Getting the best deal for culture as we leave the European Union

Posted By Simon Mellor on 30 March 2017

As Article 50 is triggered, Simon Mellor, our Deputy CEO, Arts and Culture, writes on our continued commitment to developing and supporting arts and culture in England and on an international stage.

On Wednesday, Article 50 was triggered and the process of the United Kingdom’s exit from the European Union officially began. Many people have been discussing how this might affect arts and culture. Today we are publishing our priorities for international collaboration post-Brexit.

Arts and culture needs to play a greater role in Britain’s future at home and abroad. Our shared national culture has long been a source of soft power, making friends and building dialogue. There is an important economic dimension as well, with our National Portfolio Organisations alone earning £34 million abroad each year. That’s why it’s important we continue to look outwards. We will do everything we can to help get the best deal possible for arts and culture.

Oxford Christmas Lights Festival, December 2013. Photo: Oxford City Council.

In August last year we wrote that the Arts Council would listen to the arts and culture sector, and ensure that voice is heard in Government. Since then we have been doing just that.

We published the results of our survey of over 1,000 artists and organisations in November. The responses highlighted concerns about ease of movement, changes in legislation, threats to existing partnerships and networks, the removal of funding opportunities and loss of trade.

In the last few months we’ve used that feedback while working closely with the Government, helping to inform preparations for the negotiations to leave the European Union. This work will continue as negotiations take their course.

We want to make sure the best talent from around the world can continue to work in this country...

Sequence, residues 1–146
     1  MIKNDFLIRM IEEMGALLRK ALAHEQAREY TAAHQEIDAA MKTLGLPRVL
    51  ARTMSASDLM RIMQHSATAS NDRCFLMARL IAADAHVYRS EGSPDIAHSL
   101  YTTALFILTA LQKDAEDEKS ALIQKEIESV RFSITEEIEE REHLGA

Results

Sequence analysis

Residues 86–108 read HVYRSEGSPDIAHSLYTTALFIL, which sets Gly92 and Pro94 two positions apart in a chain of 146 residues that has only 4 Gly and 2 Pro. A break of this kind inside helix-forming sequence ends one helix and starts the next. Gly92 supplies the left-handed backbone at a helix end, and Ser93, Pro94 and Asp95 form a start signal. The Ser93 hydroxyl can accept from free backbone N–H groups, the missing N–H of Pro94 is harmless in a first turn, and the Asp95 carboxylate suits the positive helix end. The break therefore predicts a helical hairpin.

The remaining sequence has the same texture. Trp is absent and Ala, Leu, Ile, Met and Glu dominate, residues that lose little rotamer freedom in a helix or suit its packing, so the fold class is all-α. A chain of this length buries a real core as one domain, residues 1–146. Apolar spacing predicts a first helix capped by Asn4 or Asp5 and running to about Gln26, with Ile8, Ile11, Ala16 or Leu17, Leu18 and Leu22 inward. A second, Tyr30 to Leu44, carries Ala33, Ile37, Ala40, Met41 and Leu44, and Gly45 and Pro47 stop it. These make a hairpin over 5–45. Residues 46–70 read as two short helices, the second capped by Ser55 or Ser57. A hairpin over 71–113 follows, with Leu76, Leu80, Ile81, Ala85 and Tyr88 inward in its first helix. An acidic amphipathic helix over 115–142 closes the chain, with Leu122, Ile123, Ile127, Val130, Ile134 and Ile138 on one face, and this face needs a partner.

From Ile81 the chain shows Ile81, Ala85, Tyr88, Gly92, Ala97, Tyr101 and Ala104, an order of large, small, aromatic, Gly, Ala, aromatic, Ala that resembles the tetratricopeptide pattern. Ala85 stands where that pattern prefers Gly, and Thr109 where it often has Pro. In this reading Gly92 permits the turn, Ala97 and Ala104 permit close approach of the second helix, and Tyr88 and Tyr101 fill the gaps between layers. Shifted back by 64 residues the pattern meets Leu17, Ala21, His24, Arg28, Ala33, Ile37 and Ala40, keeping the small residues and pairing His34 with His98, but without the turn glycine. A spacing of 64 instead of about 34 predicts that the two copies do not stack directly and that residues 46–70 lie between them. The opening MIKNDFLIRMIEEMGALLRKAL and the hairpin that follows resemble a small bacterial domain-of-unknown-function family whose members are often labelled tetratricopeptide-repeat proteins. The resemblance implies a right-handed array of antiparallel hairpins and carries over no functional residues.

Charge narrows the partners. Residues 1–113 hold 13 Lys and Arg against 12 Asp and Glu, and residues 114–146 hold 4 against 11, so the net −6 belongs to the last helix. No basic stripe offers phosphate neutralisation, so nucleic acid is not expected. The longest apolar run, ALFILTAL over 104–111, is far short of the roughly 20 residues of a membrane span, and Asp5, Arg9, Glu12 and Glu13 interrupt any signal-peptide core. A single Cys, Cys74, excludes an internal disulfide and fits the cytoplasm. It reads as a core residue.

Enchanted Parks 2016: Exit, pursued by a bear - Jonny Michie. Photo: Richard Kenworthy.

As well as continuing to consult with artists, organisations, and others in the creative sector, we will commission research to ensure the Government has a fuller picture of how European Union funding, policy and legislation affect our sector.

One example is talent. We want to make sure the best talent from around the world can continue to work in this country, inspiring audiences and sharing ideas. So we will talk to the sector and Government to explore a visa system that works for arts and culture and the wider creative industries.

We also want to promote cultural exchange and collaboration, especially through international coproductions. Not only with European countries but also in North America, East Asia and beyond. And of course, we want to ensure cultural organisations have tariff free access when they sell, tour or otherwise export their work.

Garden of Light, by TILT, in Leicester Square. Lumiere London 2016, produced by Artichoke, supported by Mayor of London. Photo: Matthew Andrews 2016.

We will work hard to ensure that the arts and cultural sector is ready to meet future challenges and take global opportunities...

This is the beginning of a long process.  The Arts Council understands the importance of this for the business models of organisations across the country, but more importantly to enable cultural exchange to continue with our partners in the European Union and across the rest of the world.

So as negotiations progress we will continue to listen to you, commission research where it’s needed, and to work with Government. We will work hard to ensure that the arts and cultural sector is ready to meet future challenges and take global opportunities, and that we can preserve and increase the creative energy that we get from international exchange and collaboration.

Find out more

Read our priorities for international collaboration post-Brexit.

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